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Trading forex on fundamental data

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Is it possible to trade on fundamental data? Some are highly sceptical about it, call it funny-mentals … The key problem seem to be timing the entry and measuring stoploss levels. Fundamentals may tell that the financial instrument is ¨cheap¨ or ¨undervalued¨, but it tells nothing about entry points. The fact that something is cheap doesn´t mean that it can´t get even cheaper. If somebody buys something based on fundamental analysis and the price goes down, the lower price makes the buy argument stronger while the account carries unrealised loss.

Common wisdom tells that trading forex on fundamental data is almost impossible. Too many factors at play, some of those hardly measurable – the noise is likely to be too overwhelming and the probability of mistake so high that any findings are rendered useless.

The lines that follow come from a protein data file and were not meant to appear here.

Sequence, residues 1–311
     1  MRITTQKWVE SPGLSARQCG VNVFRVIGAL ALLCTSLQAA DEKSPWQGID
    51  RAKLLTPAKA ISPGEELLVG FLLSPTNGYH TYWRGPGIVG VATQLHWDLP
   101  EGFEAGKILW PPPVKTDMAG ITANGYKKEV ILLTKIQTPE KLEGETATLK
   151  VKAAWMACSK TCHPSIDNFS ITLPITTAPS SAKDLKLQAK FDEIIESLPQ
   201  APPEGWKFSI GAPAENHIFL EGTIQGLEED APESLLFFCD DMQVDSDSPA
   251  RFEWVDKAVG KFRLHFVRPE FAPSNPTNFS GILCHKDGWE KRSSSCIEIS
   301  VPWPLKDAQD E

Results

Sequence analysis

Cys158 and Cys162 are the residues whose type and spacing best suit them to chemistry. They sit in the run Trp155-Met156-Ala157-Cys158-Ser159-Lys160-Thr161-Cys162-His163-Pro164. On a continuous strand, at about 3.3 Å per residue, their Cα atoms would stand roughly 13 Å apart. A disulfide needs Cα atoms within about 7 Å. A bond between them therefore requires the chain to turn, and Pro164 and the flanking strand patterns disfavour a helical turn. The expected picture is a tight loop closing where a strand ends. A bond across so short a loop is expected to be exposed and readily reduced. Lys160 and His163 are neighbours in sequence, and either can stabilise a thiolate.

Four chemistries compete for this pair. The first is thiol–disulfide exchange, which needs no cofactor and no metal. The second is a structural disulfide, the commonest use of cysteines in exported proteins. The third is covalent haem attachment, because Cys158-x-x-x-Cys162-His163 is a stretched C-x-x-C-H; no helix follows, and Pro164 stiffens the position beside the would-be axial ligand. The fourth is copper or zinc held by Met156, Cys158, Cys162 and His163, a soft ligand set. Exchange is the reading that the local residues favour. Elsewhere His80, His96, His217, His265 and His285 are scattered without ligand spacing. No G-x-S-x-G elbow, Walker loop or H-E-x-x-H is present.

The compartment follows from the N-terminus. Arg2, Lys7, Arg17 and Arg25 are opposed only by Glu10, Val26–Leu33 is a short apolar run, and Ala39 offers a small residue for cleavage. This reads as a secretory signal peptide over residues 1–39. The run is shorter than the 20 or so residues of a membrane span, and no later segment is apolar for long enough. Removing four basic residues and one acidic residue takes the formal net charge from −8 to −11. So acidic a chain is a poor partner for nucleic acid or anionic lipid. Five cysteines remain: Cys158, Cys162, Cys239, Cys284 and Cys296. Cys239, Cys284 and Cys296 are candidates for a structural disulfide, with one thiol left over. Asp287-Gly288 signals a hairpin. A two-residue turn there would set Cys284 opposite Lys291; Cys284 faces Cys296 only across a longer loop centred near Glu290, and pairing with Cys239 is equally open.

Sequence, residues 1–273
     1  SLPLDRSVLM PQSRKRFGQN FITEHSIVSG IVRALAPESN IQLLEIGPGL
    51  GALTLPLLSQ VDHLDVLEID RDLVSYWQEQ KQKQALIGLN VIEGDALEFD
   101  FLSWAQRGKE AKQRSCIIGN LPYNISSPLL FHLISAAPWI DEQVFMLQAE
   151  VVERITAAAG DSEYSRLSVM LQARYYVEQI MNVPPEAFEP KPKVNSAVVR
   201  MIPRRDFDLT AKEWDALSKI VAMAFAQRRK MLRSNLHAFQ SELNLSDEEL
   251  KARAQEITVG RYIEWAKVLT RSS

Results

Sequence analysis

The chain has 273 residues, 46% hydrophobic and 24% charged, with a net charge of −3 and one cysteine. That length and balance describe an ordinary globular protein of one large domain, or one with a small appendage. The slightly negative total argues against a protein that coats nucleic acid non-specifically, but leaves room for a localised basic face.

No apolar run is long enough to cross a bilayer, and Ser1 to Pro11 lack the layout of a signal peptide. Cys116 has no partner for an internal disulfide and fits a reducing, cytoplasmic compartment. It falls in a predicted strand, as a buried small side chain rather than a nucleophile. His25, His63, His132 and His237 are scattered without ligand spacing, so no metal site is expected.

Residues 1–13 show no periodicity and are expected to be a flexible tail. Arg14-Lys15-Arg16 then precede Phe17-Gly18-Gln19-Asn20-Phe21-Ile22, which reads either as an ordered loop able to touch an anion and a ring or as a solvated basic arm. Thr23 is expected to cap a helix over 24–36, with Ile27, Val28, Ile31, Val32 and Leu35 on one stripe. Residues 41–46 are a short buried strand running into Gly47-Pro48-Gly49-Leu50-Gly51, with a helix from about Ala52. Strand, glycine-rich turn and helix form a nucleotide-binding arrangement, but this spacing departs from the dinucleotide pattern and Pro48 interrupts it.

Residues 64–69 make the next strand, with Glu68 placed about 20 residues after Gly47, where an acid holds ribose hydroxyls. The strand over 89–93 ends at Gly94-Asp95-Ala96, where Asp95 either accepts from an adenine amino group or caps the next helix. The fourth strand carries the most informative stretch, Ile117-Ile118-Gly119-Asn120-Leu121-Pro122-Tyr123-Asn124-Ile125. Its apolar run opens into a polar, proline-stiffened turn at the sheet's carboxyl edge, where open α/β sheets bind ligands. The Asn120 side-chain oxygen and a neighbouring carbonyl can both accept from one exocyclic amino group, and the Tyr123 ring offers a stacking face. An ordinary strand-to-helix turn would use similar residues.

Nevertherless, we find one simple fundamental model fairly reliable predictor of exchange rate. The model analyses the interaction of several fundamental factors such as GDP growth, inflation, money supply to project exchange rate direction. The rationale is that, although the exchange rates may divert from the fundaments to a great extent, sooner or later the exchange rates will correct to reflect the fundaments of the underlying economies.

This particular fundamental model has been noticably precise. It needs some non-fundamental, technical input to identify entries and exits, but it is a great tool to improve the odds of long-term trend-following trade being profitable.

Attached here is a reseach summary back in Y2008 calling for ¨doomed GBP¨. The chatter was positive for the cable at the time and there was little to suggest a sharp downtrend in GBP. The rest is history.

Empirical evidence suggests that this fundamental analysis model can be applied to predict long-term currency moves. Yet, conventional technical analysis is required to identify entry and exit price levels.

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Written by A.S.

February 23, 2011 at 8:36 pm

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